Authority and trustworthiness are becoming bigger and bigger factors in how Google ranks websites – after all, Boss G doesn’t want to put your website on the first page and then have one of its users go there just to find it’s a scam or of poor-quality!
So, even if you have perfect content and keywords, a beautiful design, and all the backend know-how, without any backlinks pointing to your website – Google doesn’t know if it can trust you, and therefore won’t send its users to you.
What Even Are Backlinks?
These can also be called ‘inbound links’ or ‘incoming links’, but whatever you call them, they are links from other websites that are pointing to your website. The more backlinks you have (from credible sources and websites), the more Google will trust you, and the higher it will rank you.
Think of backlinks as letters of recommendation for your website from other websites. More letters, more trust – more trust, better rankings!
Much like letters of recommendation though, not all backlinks are created equal. Backlinks coming from websites with poor authority themselves will not have the same weight as backlinks from trusted websites (kind of like how a letter of recommendation from your grandmother won’t be as helpful as a professor or supervisor.)
So, Why Would You Ever Disavow Backlinks?
It’s true, the analogy of backlinks to letters of recommendation falls short here. Because a backlink from a low authority website doesn’t always hurt you like a letter of recommendation from your grandmother at a job interview would. And that means that you don’t have to disavow every backlink that isn’t from a prime source.
However, some backlinks that come from highly-questionable, spammy, unknown, or unrelated industries could bring more harm than good to your search engine optimization strategy. And that means you should disavow it.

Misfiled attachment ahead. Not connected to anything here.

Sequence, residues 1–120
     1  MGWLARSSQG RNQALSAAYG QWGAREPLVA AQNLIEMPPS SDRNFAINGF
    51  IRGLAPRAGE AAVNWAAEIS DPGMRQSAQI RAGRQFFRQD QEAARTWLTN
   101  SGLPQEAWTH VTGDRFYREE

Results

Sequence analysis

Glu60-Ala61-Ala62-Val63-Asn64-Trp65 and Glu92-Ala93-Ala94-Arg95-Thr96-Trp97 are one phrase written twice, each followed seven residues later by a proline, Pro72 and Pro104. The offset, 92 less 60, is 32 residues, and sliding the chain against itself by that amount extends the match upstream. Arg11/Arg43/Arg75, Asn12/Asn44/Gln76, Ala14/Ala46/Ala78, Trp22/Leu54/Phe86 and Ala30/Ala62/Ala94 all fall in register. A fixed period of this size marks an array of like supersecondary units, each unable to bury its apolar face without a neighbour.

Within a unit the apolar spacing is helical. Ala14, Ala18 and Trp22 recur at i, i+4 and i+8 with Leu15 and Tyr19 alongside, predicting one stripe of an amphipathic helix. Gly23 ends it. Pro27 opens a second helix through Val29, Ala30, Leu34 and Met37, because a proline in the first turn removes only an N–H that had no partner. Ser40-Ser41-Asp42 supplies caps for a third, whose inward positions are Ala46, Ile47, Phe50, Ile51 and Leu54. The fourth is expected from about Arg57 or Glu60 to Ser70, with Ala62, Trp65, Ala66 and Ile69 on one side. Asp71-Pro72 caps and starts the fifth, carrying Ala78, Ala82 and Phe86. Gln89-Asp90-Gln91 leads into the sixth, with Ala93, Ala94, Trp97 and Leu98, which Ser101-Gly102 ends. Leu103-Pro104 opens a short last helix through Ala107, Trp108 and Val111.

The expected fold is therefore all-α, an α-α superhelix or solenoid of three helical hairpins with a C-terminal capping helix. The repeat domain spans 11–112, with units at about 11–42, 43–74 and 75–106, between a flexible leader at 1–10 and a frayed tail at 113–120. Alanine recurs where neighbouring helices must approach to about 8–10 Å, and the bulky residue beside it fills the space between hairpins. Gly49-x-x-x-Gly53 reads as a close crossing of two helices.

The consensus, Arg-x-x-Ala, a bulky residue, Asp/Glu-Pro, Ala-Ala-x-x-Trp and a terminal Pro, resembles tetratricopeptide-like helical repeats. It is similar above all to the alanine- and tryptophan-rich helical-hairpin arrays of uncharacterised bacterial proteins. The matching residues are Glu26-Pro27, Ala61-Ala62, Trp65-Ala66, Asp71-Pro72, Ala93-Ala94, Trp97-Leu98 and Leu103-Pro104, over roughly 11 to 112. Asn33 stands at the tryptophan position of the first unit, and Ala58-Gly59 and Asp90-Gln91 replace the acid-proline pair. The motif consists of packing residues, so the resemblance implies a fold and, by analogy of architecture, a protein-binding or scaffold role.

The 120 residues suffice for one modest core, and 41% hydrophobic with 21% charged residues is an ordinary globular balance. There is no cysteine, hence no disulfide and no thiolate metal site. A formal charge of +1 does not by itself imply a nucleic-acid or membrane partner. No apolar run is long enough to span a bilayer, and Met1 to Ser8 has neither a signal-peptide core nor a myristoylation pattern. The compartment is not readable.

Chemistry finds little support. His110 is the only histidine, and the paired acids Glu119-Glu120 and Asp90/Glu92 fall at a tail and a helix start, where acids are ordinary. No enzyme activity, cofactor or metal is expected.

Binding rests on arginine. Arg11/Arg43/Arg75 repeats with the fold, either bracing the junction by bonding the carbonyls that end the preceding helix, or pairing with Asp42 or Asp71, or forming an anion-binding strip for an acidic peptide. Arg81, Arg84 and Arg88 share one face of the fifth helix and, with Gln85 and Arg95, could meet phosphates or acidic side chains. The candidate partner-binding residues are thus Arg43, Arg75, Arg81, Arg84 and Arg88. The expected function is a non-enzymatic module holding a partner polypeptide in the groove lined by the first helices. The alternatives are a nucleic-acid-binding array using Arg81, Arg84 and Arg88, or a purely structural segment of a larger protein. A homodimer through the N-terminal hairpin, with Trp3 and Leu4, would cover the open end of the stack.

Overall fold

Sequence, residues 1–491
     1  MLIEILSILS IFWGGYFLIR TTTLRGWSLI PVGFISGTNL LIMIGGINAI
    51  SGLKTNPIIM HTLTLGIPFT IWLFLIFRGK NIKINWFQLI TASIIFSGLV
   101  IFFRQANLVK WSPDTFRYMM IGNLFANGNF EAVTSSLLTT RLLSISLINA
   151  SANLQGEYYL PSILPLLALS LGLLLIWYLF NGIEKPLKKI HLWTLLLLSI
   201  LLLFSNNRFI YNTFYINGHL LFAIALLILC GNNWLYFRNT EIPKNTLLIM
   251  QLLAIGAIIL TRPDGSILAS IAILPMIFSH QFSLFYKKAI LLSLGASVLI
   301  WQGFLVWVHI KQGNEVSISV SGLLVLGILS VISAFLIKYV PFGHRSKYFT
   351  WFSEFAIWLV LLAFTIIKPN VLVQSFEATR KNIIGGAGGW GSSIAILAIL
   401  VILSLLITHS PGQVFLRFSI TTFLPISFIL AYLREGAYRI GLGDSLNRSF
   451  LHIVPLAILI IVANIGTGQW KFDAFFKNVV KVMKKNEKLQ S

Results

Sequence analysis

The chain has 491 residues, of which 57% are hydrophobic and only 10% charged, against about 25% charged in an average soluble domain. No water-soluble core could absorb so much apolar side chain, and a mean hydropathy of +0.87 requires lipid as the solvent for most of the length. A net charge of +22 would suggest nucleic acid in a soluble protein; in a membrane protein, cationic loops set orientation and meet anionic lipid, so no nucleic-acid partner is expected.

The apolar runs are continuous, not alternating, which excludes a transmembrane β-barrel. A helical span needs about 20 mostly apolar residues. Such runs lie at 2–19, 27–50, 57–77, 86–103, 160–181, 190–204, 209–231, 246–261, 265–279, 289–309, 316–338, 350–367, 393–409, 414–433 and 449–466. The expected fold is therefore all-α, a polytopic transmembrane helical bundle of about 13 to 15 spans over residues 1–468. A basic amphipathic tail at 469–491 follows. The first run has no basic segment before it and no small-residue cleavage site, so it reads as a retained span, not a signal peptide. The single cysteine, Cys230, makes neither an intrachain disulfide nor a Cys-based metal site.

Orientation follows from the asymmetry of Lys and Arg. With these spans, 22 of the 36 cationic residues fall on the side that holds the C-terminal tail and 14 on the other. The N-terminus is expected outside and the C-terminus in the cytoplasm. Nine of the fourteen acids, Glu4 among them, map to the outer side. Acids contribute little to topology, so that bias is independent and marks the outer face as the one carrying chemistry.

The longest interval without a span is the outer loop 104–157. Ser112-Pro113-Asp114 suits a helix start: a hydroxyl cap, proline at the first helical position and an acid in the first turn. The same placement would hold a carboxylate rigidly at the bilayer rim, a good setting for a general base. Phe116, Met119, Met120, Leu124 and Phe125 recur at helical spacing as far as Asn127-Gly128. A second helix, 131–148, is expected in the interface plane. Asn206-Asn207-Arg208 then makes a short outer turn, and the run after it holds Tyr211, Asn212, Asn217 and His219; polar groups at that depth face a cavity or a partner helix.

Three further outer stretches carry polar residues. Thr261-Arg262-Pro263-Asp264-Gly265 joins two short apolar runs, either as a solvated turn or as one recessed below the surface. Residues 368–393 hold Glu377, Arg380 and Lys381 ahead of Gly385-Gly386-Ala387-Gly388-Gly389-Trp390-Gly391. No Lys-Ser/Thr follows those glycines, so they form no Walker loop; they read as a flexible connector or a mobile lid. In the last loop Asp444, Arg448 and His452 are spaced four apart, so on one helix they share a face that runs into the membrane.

How Do You Recognize a ‘Bad’ Backlink?
Recognizing a poor backlink is not an easy task, since you have to make sure not to get rid of those that are helping you. In fact, Google says ‘no action is necessary from you for most links that are recognized as being untrustworthy.’
But, like everything with the mysterious giant, Google also recommends that you ‘disavow backlinks that you identify as spammy, artificial, or of low quality.’
So, which is it? Well, a mix. Disavow bad ones, keep good ones, and constantly judge which are which with these tips:
- The backlink isn’t relevant to your website or users
- The backlink lacks the potential to bring business to your site
- The backlink was created to manipulate Google’s algorithms
- The backlink comes from a hacked site
How to Disavow Backlinks:
This gets technical – so it may be best to have your JSL Team or web developer do this – but here are the steps just in case.
- List the pages and domains you want to disavow on a .txt file encoded in UTF-8 or 7-bit ASCII (for Windows users, use Notepad and for Mac, use TextEdit)
- Type one URL per line in the following structure, depending on if you are disavowing a page or a domain:
- Disavow a given page: http://disavow.example.com/spam/comments.html
- Disavow a given domain: domain:example.com
- You can insert comments on the .txt file by typing “#” before the comment:
- #comment regarding the domain to be disavowed
- Upload your list on Google’s disavow links tool page
- Select your website, click disavow links
- Choose your file and submit it
- Please note, Google has said that it can take a couple of weeks to process the information submitted